Discover the Wetlands Sanctuary

Young boy drops a mangrove seed off the Maroochy Wetlands Boardwalk

Pack a picnic, take a stroll and find out why our mangroves are so important.

Winter is the perfect time to visit the sanctuary. The 2m wide boardwalk is perfect for prams and wheelchairs and with a shelter at the end, it's the perfect place for a picnic by the river.

Look carefully and you might see a Fiddler Crab, a must for any young Octonauts fans.

BUT, these these coastal wonders are more than just picturesque landscapes—they’re essential for our planet’s well-being. 

Mangrove Superpowers

mangroves new growth

Land Restoration:
Mangroves stabilise coastlines, preventing erosion and creating new habitats for diverse species.  By trapping sediments, they contribute to the restoration of degraded coastal lands.  

Improving Water Quality
Mangroves trap and filter sediments, heavy metals, and other pollutants from the water, preventing them from reaching the open ocean.

They play a crucial role in nutrient cycling by absorbing excess nutrients, such as nitrogen and phosphorus, from runoff. This helps prevent nutrient overloading, which can cause harmful algal blooms. 

The complex root systems of mangroves stabilize sediments, reducing erosion and preventing the re-suspension of sediments that can cloud water and smother marine habitats. 

Drought Resilience:
Mangroves support the water cycle, enhancing groundwater recharge and maintaining local hydrology. During dry periods, they ensure better access to water resources for surrounding environments.  

mangrove growth at Maroochy Wetlands Sanctuary

What is that smell?

The strong smell of hydrogen sulphide comes from anaerobic sulphur-reducing bacteria, which love low oxygen conditions. 

Mangroves produce around 1kg of litter (the good kind - leaves, twigs, bark, flowers and seeds) per square metre, per year. 

This litter provides food for detritus feeders such as worms and crabs, but the real magic happens when fungi and bacteria get stuck in. These micro-organisms produce waste that small crustaceans and fish can eat. 

mangroves at Maroochy Wetlands Sanctuary

A teaspoon of mud from a North Queensland mangrove contains more than 10 billion bacteria. These densities are among the highest to be found in marine mud anywhere in the world and are an indication of the immensely high productivity of this coastal forest habitat.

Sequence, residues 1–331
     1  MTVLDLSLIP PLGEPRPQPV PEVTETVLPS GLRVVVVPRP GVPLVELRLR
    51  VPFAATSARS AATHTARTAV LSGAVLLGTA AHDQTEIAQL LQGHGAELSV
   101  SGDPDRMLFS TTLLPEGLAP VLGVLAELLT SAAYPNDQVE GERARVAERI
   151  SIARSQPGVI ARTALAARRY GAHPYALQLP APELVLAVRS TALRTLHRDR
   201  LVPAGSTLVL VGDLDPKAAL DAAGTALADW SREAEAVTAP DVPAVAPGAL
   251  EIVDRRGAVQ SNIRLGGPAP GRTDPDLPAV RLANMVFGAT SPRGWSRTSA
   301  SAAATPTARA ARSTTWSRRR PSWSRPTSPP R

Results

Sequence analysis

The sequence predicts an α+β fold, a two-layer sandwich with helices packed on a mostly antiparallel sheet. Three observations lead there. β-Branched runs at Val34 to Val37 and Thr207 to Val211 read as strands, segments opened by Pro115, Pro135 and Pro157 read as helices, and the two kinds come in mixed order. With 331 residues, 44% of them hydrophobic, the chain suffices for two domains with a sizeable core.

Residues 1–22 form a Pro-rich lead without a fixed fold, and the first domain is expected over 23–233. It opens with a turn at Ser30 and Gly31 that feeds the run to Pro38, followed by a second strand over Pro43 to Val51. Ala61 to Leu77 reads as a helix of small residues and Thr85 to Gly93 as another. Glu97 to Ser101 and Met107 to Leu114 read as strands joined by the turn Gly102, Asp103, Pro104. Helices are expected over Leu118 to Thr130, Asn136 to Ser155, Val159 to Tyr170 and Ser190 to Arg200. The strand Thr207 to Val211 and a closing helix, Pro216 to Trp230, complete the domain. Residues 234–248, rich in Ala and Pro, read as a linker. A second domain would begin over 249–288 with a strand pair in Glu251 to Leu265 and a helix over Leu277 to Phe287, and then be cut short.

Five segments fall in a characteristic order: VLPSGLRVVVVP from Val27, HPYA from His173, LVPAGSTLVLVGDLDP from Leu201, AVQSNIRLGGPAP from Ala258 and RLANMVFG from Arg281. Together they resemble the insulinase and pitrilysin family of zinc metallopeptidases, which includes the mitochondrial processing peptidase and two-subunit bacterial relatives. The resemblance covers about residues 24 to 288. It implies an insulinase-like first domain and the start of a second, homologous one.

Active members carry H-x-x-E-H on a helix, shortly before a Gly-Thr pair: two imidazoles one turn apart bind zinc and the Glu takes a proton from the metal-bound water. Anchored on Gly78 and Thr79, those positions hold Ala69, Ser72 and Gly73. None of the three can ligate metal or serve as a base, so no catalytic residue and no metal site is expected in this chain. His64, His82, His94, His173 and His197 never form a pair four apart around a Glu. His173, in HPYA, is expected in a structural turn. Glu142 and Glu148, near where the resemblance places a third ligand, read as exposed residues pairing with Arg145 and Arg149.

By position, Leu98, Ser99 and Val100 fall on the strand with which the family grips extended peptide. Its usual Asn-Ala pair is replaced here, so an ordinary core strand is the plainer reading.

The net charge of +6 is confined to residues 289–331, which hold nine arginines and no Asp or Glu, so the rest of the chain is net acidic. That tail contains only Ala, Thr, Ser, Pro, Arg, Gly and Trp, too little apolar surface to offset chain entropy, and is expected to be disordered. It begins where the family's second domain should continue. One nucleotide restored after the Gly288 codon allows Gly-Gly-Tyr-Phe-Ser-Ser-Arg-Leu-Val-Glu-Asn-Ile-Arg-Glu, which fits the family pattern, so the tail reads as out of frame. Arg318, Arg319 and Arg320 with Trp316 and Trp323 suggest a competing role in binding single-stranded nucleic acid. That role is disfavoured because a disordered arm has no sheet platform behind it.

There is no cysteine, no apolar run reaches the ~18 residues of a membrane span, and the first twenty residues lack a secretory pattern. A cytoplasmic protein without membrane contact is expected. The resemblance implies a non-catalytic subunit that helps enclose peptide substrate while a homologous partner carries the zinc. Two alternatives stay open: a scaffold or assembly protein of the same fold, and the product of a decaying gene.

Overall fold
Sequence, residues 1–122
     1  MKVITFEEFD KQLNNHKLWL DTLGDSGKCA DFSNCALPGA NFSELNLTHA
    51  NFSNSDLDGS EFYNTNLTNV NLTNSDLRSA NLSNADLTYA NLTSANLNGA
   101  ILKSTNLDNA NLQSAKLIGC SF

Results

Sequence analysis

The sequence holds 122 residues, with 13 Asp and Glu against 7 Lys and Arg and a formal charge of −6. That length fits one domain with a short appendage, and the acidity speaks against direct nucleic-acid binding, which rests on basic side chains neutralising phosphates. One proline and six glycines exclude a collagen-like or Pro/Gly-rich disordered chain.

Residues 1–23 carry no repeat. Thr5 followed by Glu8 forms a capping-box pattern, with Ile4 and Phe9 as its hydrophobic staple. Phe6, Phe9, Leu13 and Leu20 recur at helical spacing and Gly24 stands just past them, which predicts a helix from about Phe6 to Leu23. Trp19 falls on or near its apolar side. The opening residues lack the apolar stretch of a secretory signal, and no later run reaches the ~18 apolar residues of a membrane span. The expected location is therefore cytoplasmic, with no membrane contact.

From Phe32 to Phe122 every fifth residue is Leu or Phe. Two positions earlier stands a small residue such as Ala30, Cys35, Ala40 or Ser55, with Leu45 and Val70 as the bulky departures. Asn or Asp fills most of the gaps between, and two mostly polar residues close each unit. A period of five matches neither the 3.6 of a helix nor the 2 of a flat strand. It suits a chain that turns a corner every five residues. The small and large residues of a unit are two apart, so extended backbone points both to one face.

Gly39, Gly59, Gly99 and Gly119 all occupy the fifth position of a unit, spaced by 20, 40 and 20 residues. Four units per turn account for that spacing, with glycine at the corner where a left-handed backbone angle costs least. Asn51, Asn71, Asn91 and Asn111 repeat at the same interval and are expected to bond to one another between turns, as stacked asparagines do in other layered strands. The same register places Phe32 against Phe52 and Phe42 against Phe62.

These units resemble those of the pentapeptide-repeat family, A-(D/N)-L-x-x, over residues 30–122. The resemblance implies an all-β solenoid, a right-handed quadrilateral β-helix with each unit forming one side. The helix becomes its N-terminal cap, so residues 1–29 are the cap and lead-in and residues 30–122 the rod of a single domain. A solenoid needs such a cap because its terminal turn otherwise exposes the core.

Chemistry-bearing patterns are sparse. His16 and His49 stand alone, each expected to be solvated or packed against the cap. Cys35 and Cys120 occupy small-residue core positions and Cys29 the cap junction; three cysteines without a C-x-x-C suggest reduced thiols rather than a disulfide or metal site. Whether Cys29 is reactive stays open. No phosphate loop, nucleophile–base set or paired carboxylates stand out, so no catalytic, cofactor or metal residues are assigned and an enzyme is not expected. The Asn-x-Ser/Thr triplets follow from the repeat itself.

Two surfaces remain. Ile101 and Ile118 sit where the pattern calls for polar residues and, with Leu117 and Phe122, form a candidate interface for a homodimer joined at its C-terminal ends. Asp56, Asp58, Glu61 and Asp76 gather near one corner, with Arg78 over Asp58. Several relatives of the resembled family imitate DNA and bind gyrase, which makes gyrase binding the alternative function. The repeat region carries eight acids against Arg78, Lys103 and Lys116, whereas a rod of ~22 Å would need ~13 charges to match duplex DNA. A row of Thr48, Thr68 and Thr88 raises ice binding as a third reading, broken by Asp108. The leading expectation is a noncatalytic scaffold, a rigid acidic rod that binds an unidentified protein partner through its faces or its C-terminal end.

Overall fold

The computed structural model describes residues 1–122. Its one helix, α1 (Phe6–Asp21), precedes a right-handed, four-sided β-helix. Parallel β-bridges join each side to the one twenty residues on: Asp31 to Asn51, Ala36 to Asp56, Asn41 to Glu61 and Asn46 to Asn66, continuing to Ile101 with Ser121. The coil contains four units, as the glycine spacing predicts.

How you can help

  • avoid walking, riding or driving through mangrove areas at low tide
  • dispose of rubbish, oils and chemicals in the correct manner
  • report activities harming mangroves by contacting your nearest NSW DPI Fisheries Office or Fishers Watch Hotline on 1800 043 536
  • join your local coastal group and help restore your local mangoves like our 2024 Sunshine Coast Biosphere Senior Citizen of the Year, Ken Mewburn
  • learn about mangroves at the Maroochy Wetlands Sanctuary
Young boy on the jetty at the end of the boardwalk, Maroochy Wetlands

Sunshine Coast Council's efforts align with: Sustainable Development Goals (SDGs)

  • SDG 11: Creating sustainable cities and communities. Protecting coastal communities from storm surges, and erosion, contributing to the safety and resilience of coastal development. 
  • SDG 13: Taking climate action through mangrove restoration. Absorbing large amounts of CO2, they contribute to climate change mitigation.  
  • SDG 14: Protecting life below water. Providing nursery habitats for fish and other marine species, contributing to biodiversity and sustainable fisheries 
  • SDG 15: Promoting life on land. Protecting coastal lands from erosion and enhancing soil quality.  
  • SDG 17: Fostering partnerships for global goals. Collaboration, resource mobilisation, and technology sharing to ensure effective policy implementation, capacity building, and financial support.  

    Find out more 
    at the Marine Education Society of Australasia

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